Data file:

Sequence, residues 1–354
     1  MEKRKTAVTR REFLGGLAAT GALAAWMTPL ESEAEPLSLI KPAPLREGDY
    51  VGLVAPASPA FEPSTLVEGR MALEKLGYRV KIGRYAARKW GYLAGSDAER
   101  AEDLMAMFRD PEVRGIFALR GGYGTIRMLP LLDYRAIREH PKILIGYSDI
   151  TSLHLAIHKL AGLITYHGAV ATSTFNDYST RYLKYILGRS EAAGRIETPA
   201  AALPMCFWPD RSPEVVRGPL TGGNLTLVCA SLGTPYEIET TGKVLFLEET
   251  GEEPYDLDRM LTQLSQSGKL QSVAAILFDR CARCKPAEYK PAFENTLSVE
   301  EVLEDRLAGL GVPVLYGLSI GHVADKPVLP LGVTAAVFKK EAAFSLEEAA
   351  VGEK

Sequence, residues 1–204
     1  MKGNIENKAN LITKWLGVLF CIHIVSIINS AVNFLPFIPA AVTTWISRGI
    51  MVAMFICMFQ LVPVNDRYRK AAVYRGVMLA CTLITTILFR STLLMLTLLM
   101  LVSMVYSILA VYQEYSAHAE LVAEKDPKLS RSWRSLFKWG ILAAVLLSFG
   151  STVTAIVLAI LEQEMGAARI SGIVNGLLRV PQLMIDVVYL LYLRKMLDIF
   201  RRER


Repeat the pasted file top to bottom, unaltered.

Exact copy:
Sequence, residues 1–354
     1  MEKRKTAVTR REFLGGLAAT GALAAWMTPL ESEAEPLSLI KPAPLREGDY
    51  VGLVAPASPA FEPSTLVEGR MALEKLGYRV KIGRYAARKW GYLAGSDAER
   101  AEDLMAMFRD PEVRGIFALR GGYGTIRMLP LLDYRAIREH PKILIGYSDI
   151  TSLHLAIHKL AGLITYHGAV ATSTFNDYST RYLKYILGRS EAAGRIETPA
   201  AALPMCFWPD RSPEVVRGPL TGGNLTLVCA SLGTPYEIET TGKVLFLEET
   251  GEEPYDLDRM LTQLSQSGKL QSVAAILFDR CARCKPAEYK PAFENTLSVE
   301  EVLEDRLAGL GVPVLYGLSI GHVADKPVLP LGVTAAVFKK EAAFSLEEAA
   351  VGEK

Sequence, residues 1–204
     1  MKGNIENKAN LITKWLGVLF CIHIVSIINS AVNFLPFIPA AVTTWISRGI
    51  MVAMFICMFQ LVPVNDRYRK AAVYRGVMLA CTLITTILFR STLLMLTLLM
   101  LVSMVYSILA VYQEYSAHAE LVAEKDPKLS RSWRSLFKWG ILAAVLLSFG
   151  STVTAIVLAI LEQEMGAARI SGIVNGLLRV PQLMIDVVYL LYLRKMLDIF
   201  RRER